Except Zedd’s not the paternal higher-up minding these artists’ income streams -- he’s the collaborator pushing them to some of their greatest commercial heights. Zedd says he’s “slow and picky” with the singers he invites onto his songs. “Oh, he’s definitely a perfectionist,” says Payne, though “it felt like I was [recording] with a bandmate or friend.” Hailee Steinfeld, who worked with Zedd on the top 20 Hot 100 hit “Starving,” agrees that he’s a “perfectionist,” but adds, “Most importantly, he cares about the people in the room.”
“I’ve never met somebody so particular in the studio,” testifies Julia Michaels, who worked extensively with him on his 2015 album True Colors, and also calls him “an awesome dude.” “He’d make me sing [lines] in, like, three different keys, over and over and over.”
Or as his friend Jared Leto, who collaborated with Zedd on a to-be-released 30 Seconds to Mars song (and has also taken him rock climbing), puts it: “He is a relentless worker and really puts in the time. He is not someone who just shows up and takes selfies all day.”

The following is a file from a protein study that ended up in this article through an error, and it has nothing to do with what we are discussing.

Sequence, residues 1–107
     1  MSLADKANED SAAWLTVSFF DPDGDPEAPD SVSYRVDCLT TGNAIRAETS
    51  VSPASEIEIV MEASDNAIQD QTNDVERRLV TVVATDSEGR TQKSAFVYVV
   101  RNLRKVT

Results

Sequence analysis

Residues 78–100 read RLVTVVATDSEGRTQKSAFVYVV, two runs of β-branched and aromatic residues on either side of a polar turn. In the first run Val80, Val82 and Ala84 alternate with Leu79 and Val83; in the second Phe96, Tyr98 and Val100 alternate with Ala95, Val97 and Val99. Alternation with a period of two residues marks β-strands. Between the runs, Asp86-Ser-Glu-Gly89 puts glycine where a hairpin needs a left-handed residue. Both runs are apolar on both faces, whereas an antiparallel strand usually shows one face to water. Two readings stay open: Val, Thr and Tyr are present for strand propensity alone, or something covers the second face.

?Zedd’s first place in the United States was a cramped Santa Monica apartment with walls so thin he’d be woken by the neighbor’s cellphone vibrating at night. The spot had one advantage, though: It was paid for by Lady Gaga, who wanted Zedd to have somewhere to crash while drafting songs for her Artpop LP, often with no more to go on than an email of word cues like “dark” or “metallic.”
Now Zedd puts up his brother Arkadi, 30, who is working on his own music. (Arkadi just produced a song for Bryan Adams, a gig that Zedd handed off to him.) From age 12 to 20, Zedd drummed in Arkadi’s metalcore band Dioramic, which was big enough in Germany that the boys often skipped class to tour. Dad was a guitarist and schoolteacher. Mom was a piano instructor. When Zedd was 3, they moved from a Russian port city to a woods-encircled village in southwest Germany called Dansenberg, population 3,500. “There is one store there,” says Zedd, “if it is still open.” He started on piano at 4, and by 9 -- well, you can watch him on YouTube in a too-big navy sport coat crushing Chick Corea’s “La Fiesta” at a competition he was technically too young to win. “I wanted to prove I could do it, so I gave my sheet music to the judges,” says Zedd, who played the song by memory. When I meet his parents -- they’re in town, staying at Zedd’s house -- they’re petite and friendly like their sons. Zedd keeps a second house near them, in Kaiserslautern (it boasts “a yard, a parking space and a shed”), and always spends Christmas back home.